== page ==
image1 image1 image1

Veeam B&R 6.5 and Windows Server 2012 Dedup - part II

User Rating: 0 / 5

Star InactiveStar InactiveStar InactiveStar InactiveStar Inactive

This is part II of my Veeam B&R in conjunction with dedup feature of Windows Server 2012.

This time I will try to figure out, if using dedup on the Veeam backup storage only as advantages or if there are some stumbling blocks.

The first thing to have a look at is the recover speed if you have to use deduped backup files. Will the rehydration of the dedupoed data have any influence on the recover speed?

To evaluate this, I made two simple tests: first I used Instant Recovery feature of Veeam to start my two backed up VMs from the backup storage. Since one VM is on deduped storage and one on non-deduped storage, there should be some difference in boot behavior/time and also in using the VM.

Secondly I used StorageVMotion to migrate both VMs back to the SAN storage. This time, all data is read and written back to the primary storage. There should have been some difference in CPU load, transfer speed etc. on the backup server.


Going back to the first test. Starting both VMs from instant recovery NFS storage. Both VMs needed nearly the same time to get up from scratch. So regarding the read speed, deduped storage is nearly as fast as non-deduped. Writes are committed to the NFS store as well ( I didn't use redirection to VMFS) but have the same impact for both VMs since the dedup is not done inline. So all writes to the NFS store are non-deduped for both VMs.

The general use of the VM running either from deduped or non-deduped storage didn't show any big differences. Both VMs were reactive to tasks and copy jobs to and from the VM were nearly identical.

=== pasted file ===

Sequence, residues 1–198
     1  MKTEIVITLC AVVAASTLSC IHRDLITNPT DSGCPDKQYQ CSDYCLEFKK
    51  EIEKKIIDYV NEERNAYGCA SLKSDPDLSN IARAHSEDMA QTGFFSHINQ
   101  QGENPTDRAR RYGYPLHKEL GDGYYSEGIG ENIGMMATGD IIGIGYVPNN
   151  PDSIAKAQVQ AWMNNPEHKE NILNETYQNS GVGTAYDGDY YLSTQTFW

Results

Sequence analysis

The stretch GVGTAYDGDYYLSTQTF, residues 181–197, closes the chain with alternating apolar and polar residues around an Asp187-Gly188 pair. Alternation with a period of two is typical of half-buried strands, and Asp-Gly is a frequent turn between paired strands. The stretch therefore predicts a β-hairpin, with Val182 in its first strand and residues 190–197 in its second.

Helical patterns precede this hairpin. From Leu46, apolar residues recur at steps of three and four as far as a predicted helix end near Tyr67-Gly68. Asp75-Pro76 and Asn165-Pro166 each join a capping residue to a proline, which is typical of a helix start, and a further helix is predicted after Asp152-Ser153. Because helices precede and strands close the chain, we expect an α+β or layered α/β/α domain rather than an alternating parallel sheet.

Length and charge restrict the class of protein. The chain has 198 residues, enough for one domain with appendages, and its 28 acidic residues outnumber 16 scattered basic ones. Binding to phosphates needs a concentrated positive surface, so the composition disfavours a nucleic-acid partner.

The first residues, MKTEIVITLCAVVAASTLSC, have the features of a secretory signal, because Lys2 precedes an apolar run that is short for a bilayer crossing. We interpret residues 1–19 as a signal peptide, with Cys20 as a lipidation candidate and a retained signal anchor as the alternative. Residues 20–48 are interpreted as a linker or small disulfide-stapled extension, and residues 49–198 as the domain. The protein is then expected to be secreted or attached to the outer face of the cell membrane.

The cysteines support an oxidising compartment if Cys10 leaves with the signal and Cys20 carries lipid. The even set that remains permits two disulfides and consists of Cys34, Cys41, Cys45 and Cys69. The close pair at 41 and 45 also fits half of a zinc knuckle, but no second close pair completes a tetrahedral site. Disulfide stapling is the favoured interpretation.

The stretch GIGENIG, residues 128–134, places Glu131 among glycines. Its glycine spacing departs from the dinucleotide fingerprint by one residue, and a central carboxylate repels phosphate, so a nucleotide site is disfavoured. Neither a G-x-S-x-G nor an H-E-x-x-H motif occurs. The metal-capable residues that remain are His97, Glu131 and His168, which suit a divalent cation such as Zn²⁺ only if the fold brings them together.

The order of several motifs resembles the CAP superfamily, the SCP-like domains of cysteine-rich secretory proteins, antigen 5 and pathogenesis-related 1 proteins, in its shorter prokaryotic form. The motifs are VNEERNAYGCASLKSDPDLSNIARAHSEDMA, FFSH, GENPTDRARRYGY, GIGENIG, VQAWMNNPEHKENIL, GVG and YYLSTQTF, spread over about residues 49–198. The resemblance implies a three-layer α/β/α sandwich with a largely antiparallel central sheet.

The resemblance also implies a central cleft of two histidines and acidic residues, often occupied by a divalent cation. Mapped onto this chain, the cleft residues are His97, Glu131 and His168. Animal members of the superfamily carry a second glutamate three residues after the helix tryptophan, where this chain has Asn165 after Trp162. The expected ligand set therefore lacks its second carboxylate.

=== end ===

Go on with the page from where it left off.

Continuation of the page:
So until now, no difference.


Let's look at test number 2, the SVMotion. In this test, all VM data has to be read and transferred. For the deduped space this means that the data has to be rehydrated first and then sent over the wire. Rehydration needs I/O and CPU power so it possibly has some impact on the SVMotion speed.

The deduped VM was transferred in ~30min with an average load on the LAN of ~600MBit/s and a CPU load on the backup server of ~30%. The CPU load mainly came from the VeeamNFS service.

The non-deduped VM showed nearly the same behavior. Same time to relocate, same load on the CPUs, same transfer speed.

So in my environment, there was absolutely no negative impact by using deduplication.


Here is a first summary what to bear in mind when using Windows Server 2012 deduplication feature with Veeam:


  • Windows Server 2012 deduplication is a posponed process that runs in defined intervals
  • Deduplication needs time, fairly CPU and RAM ressources and puts high load on your storage
  • You can achieve massive storage savings when using MS deduplication in conjunction with Veeam
  • Impacts on restore times were not observed during my tests but could have a negative impact in larger installations (especially when dedup job is currently running)
  • MS defines 800GB/hr as maximum data rate for deduplication so don't use dedup for backupservers that max this rate out
  • You should always set the dedup option only for files older than 2 days. This way you will always have the latest backup non-deduped
  • You can use deduplication inside a Windows Server 2012 VM and back it up with Veeam. Single file restore is possible but you have to start the recovery job from a Veeam server that is also a Windows Server 2012 system with deduplication feature enabled
  • Do not enable inline Veeam dedup for VMs already have deduped data inside
  • For best reduction rates, use inline dedup in Veeam AND MS dedup on the backup volume. Use dedup-friendly compression in the backup job


joomla templatesfree joomla templatestemplate joomla
2019   globbers joomla template